Vehicle Service Tips

Repairman Lifting Car on Adjustable Jack for Checkup. Coworker Waiting for Diagnostic Results with New Tire in Hand. Cartoon Round-the-Clock Automotive Service Building. Vector Flat Illustration

You drove it as you were partying as though you were in 1999 (and in actual fact, when it was actually 1999) throughout all of the Bush and Obama presidency, and to at the very least three new Batman movies. Today, you’re still tooling around with your vintage vehicle. At 10, 15, or 20 years old, these vehicles have earned their fame for longevity and beauty however, when they begin to fail, make sure you visit the shop post-haste for some routine maintenance certificate of conformity.


If you’re the owner of vintage vehicle, your greatest (and most costly) repairs could be related to rust. The years of use have allowed water to have collected in or on the car, creating the intense oxidation reaction that devours shiny exteriors and engines too. Before taking your car to the mechanic, make sure you check the body for signs of rust, which can be ugly and potentially indicative of greater problems in the car. The bubbles or rust spots in the body’s panels could need to be sandblastedor trimmed, or even replaced.

In the car, especially in the event that you don’t drive often, rust may infiltrate the engine, transmission as well as the valvetrain. If you’re able, get your car on a lift, scope through the wheel wells, floors, and undercarriage to look for the obvious iron-colored spots. You should have your mechanic check the muffler, exhaust pipes and shock towers for areas that are rusted and recommend repair or replacement.


Another important auto repair tip for your car is about tires. If you’ve been driving the vehicle regularly, then you’ve probably had your tires replaced frequently for better gas mileage and to improve the traction on roads that are wet. If you’re taking your vehicle out of storage, or simply don’t drive it as often, you should make sure the tires get a thorough check. Rubber rots easily, and tread wears down. Many tire experts recommend”the “penny depth test” to determine the viability of tires from the past. Insert the head of a Lincoln penny, with its head facing down, into the tire tread. If you still can see the entire head of Lincoln you’re in the right place to purchase new tires.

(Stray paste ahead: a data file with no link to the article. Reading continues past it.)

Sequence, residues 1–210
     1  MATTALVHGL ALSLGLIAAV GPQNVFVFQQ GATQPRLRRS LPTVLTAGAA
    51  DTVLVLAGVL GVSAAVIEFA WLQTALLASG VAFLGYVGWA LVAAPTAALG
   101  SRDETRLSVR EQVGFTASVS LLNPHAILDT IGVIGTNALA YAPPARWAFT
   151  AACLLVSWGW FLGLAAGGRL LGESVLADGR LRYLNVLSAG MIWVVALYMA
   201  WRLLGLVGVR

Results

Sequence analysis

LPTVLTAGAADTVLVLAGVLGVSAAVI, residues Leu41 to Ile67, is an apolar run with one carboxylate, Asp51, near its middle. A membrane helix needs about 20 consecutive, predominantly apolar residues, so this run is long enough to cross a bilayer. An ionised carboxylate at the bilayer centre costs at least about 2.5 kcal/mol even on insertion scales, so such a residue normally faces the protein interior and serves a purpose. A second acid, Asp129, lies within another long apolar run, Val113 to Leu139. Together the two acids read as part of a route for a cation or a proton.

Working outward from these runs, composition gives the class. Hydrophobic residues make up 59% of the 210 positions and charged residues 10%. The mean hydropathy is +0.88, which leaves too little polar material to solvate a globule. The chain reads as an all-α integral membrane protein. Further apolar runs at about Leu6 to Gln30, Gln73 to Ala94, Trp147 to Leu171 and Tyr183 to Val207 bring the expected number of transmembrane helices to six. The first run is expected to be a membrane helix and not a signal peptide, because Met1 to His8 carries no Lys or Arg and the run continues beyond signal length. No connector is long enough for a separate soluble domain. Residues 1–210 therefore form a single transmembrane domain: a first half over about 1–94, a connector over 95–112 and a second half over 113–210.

Routine Maintenance

After you’ve covered the rust and your tires, you can move on to more regular maintenance. If you have a vehicle that is vintage, you need to be a little more cautious regarding fluid levels than you otherwise might. Change your oil every quarter and check all your fluid levels and types: older models might require special fluids like a glycol-based brake fluid as opposed to a silicone-based one. Older mechanical components have undergone wear and require more lubrication to function at their best effectiveness, so compare fluid levels over time to check for leaks. Emissions standards change over the life of a durable automobile, so keep track of regular emissions inspections as well.

Vintage vehicles are wonderful because they can serve as working horses that are used for everyday use as well as upcoming classic showpieces. With a little care and TLC, you’ll be able to wait several years before you let them go to pasture.

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